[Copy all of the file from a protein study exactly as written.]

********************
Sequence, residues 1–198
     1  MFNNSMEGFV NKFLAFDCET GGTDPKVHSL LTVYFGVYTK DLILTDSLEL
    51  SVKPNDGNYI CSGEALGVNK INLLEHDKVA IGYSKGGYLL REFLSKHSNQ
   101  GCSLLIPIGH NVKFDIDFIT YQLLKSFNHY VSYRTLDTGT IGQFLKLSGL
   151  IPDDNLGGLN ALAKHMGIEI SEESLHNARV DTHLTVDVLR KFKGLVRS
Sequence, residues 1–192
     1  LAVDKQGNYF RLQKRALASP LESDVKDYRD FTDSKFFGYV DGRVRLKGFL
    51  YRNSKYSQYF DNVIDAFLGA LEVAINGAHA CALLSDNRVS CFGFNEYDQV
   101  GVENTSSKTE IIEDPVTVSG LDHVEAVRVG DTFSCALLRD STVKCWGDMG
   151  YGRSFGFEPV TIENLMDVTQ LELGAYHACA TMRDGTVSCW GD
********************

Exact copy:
Sequence, residues 1–198
     1  MFNNSMEGFV NKFLAFDCET GGTDPKVHSL LTVYFGVYTK DLILTDSLEL
    51  SVKPNDGNYI CSGEALGVNK INLLEHDKVA IGYSKGGYLL REFLSKHSNQ
   101  GCSLLIPIGH NVKFDIDFIT YQLLKSFNHY VSYRTLDTGT IGQFLKLSGL
   151  IPDDNLGGLN ALAKHMGIEI SEESLHNARV DTHLTVDVLR KFKGLVRS
Sequence, residues 1–192
     1  LAVDKQGNYF RLQKRALASP LESDVKDYRD FTDSKFFGYV DGRVRLKGFL
    51  YRNSKYSQYF DNVIDAFLGA LEVAINGAHA CALLSDNRVS CFGFNEYDQV
   101  GVENTSSKTE IIEDPVTVSG LDHVEAVRVG DTFSCALLRD STVKCWGDMG
   151  YGRSFGFEPV TIENLMDVTQ LELGAYHACA TMRDGTVSCW GD